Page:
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  • Writer's pictureJeannette Koh

Has the removal of the SA1 really reduced stress in parents, teachers and students?



MOE directive

In 2022 on March 7, Education Minister Mr Chan Chun Sing announced that all mid-year examinations would be removed in 2023 for primary and secondary schools. This bold move was made to reduce exam stress and the overwhelming emphasis on grades. By relieving teachers of formal exam preparation and result analysis, teachers and students would have at least 3 weeks to go in depth into topics they were studying instead of rushing through them.

Same old, same old

At first glance, this new directive seems like a very bold MOE initiative. It presents itself as forward-thinking and moving in the right direction. On closer inspection, this is nothing new. When I was teaching in a primary school from 1992- 2006, schools were also given the leeway to remove the CAs (Continual Assessments) in the first and third terms, due to the reasons mentioned above. The CAs were brought back in due time as without these assessments, students were not motivated to study the topics required much to the chagrin of the teachers. However, almost 20 years down the line, we are back where we started. And this time the removal of the SA1 is official. No turning back.

Advantages of removing the SA1

By freeing up at least 3 weeks of curriculum time needed for test preparation and analysis of the exam results, it would give teachers time to explore teaching and learning in a more holistic manner. Teachers could incorporate more hands-on activities, lessons beyond the textbook, and encourage more social and emotional awareness in their lessons.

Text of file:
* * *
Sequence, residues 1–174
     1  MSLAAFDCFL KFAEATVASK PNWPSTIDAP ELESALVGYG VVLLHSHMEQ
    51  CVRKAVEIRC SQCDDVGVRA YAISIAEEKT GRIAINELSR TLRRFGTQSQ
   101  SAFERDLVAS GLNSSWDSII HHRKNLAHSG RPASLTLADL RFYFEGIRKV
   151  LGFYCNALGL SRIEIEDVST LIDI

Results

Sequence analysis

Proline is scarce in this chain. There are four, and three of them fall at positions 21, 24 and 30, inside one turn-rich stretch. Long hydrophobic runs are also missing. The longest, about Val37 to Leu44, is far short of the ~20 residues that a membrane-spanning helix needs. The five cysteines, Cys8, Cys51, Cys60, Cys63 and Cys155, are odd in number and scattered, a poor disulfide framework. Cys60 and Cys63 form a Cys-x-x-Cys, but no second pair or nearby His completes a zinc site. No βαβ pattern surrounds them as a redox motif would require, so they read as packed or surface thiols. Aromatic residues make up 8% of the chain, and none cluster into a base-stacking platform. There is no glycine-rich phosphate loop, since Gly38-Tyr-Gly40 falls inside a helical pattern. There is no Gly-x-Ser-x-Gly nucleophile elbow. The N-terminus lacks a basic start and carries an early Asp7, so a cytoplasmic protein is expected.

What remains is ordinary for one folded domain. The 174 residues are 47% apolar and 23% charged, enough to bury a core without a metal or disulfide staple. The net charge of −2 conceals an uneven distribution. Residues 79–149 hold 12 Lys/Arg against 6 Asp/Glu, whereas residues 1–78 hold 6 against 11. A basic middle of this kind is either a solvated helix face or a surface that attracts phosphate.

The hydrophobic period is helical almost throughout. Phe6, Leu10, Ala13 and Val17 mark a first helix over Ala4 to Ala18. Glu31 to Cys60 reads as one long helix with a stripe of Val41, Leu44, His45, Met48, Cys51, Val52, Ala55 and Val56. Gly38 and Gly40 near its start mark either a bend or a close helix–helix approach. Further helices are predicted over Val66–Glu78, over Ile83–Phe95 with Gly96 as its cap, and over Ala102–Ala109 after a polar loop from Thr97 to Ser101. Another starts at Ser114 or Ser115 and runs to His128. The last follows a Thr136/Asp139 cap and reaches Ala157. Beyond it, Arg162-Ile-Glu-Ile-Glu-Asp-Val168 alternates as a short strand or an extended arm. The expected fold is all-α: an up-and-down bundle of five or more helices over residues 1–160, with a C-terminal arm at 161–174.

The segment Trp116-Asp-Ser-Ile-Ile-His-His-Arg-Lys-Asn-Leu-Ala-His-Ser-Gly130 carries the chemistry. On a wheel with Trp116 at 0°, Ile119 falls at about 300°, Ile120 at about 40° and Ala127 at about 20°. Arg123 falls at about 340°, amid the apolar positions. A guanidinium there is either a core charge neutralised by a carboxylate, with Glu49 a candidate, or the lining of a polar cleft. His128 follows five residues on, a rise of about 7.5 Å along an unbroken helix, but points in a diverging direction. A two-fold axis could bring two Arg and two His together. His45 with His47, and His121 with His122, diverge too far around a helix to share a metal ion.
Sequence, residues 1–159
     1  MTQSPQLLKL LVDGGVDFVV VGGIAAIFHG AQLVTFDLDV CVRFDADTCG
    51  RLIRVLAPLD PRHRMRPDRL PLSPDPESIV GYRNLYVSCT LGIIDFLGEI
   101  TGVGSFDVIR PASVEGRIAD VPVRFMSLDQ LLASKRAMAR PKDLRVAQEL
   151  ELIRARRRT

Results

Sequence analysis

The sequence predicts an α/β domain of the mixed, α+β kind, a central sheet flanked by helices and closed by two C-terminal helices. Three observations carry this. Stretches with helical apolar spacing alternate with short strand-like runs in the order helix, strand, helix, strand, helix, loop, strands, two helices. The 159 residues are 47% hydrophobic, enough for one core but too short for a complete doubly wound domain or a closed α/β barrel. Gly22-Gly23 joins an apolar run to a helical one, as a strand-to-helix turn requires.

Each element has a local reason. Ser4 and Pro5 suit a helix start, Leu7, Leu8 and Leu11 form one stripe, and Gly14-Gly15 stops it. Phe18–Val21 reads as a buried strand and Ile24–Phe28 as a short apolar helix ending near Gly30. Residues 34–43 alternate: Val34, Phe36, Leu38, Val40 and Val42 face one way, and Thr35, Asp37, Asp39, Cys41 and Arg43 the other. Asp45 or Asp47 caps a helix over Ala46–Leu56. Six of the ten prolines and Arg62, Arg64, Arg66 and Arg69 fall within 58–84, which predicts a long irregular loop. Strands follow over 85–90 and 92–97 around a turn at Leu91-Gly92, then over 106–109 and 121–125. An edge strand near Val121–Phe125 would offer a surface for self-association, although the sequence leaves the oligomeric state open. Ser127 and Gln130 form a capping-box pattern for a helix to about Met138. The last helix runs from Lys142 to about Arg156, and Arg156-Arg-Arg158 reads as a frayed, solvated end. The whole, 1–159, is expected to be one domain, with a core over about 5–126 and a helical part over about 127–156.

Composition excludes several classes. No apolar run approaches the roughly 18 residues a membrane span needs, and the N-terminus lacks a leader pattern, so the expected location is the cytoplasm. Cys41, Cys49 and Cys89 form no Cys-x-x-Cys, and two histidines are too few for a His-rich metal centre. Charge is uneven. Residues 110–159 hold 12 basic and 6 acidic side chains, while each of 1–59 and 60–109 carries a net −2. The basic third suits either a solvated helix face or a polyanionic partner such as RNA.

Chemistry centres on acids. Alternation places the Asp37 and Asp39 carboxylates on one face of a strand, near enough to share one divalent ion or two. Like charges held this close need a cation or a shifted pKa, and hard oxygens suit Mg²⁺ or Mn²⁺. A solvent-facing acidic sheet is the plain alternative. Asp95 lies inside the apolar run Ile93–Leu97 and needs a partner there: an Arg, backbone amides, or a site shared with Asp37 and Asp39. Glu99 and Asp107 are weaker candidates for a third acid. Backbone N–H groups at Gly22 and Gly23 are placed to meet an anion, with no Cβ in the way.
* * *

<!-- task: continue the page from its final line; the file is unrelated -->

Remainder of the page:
Moreover, the increased curriculum time would be used to improve metacognition and cultivate greater responsibility and awareness of students' own learning.

How would teachers assess learning without the SA1?

In place of the SA1, weighted (WA) and non-weighted (non-WA) assessments would be given to gauge student learning. The results are based on cumulative and formative assessments, and not just dependent on a final summative report. This would provide teachers and students with a time-sensitive feedback loop to act on learning gaps and remedy weak areas.

Most school assessment subject schedules would be similar to the table below. Individual schools assign which component in a particular subject to be assessed based on prescribed schemes of work.

*The weightage I believe is set by individual schools and varies. For example, it may be 15% for the first 3 terms and 55% for the final one. Or 10% for Term 1, 15% for Term 2 and 3, and 60% for Term 4.


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